The one major constraint in painting is that you have a box of some kind that defines the boundaries of your painting.
The problem with painting is that what happens within that box is completely up to you! There are no rules whatsoever. There’s no gravity for example. Things can float.
You can and must create your own rules if you want to make sense of the situation… but you don’t have to abide by them. Ironically, this is why there are so many “bad” paintings and this is also why so many businesses fail to realize their true potential:
In online business, you can do anything, you can make a million mistakes there’s nothing physical to lose except for the money in your bank account.
Because you set the rules though, the fruits of your labor are yours, your team’s… and the tax man’s. Your profits are yours to do whatever you please with and if you want to pay that forward like a modern day Robin Hood, you can do that!
The revolutionary power of digital business to scale
I’m not talking about big businesses here. I’m not saying you need to be Facebook or a silicon valley titan to be able to scale. No, nothing of the sort.
I’m talking about regular people who put an offer up, perhaps teach a course, perhaps publish a book, a series of books. I’m talking about the power THAT has to reach millions of people. Regular people do the work and make an offer and tap into the power to scale.
In an ecosystem of digital social innovation, we do it by building affinity groups among people within caring organizations and like-minded individuals. We achieve our goals by making partnerships with others and strengthening each other on a micro, grassroots scale.
This is the potential to create a new ecosystem for digital social innovation, one that monopolistic companies do not have undue sway over nor is it excessively regulated by bureaucratic 5o1c3 requirements.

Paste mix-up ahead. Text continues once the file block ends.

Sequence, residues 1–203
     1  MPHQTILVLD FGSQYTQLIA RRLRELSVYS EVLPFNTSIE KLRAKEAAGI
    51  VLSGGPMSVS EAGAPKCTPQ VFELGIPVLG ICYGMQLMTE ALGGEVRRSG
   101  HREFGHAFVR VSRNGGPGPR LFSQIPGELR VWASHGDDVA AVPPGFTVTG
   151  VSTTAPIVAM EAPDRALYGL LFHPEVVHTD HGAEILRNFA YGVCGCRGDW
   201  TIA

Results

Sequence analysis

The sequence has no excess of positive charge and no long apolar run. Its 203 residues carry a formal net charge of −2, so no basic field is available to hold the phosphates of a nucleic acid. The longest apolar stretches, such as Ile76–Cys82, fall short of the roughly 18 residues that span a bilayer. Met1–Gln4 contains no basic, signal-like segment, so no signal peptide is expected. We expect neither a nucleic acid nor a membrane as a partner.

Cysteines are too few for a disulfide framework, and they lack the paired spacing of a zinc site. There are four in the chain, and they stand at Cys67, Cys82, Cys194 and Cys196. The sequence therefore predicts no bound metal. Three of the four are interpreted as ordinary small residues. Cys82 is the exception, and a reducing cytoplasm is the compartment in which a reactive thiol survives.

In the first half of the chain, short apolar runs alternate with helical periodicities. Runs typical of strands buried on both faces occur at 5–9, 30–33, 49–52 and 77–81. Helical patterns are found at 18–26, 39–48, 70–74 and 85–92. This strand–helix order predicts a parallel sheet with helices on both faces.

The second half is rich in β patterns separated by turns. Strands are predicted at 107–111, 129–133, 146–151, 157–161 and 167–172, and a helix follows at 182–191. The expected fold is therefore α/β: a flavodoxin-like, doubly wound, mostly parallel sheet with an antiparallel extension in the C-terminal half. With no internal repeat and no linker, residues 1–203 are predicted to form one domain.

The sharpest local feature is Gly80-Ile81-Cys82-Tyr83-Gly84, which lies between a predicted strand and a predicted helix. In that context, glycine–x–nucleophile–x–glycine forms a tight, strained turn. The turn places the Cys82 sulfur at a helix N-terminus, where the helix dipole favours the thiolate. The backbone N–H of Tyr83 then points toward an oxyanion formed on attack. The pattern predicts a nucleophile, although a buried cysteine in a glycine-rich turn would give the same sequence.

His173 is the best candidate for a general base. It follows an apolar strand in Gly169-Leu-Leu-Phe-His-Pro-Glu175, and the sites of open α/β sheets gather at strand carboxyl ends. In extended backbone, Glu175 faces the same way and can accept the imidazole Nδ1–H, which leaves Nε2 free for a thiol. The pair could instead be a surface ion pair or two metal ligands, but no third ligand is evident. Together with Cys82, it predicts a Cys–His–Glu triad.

Where we began and where we ended up
So we’ve established that ecosystems for digital social innovation involve micro-economies and communities where you can participate and work reciprocally to do business, realize dreams, and support one another’s efforts based on a commitment to social and environmental impact.
We’ve established that relationships are key to the ecosystem and that ecosystems are symbiotic and that even if we don’t have any special skills we can contribute to the building of this social innovation ecosystem.
The great thing is that through our relationships we have the opportunity to expand. When we pool resources the branches and roots of our trees can have an amazing reach.
When we connect with each other where we share goals and values, our unique offers and solutions to the problems facing society today will gain traction and our digital ecosystem grows even more.
When we build our own communities outside the walls of certain social media platforms like Facebook (and this is important), we divert money and resources away from exploitive monopolies and recycle our wealth back into our own communities.
What are you going to do in 2019 to build your business, to make a legacy for yourself and your children and to make the world a better place?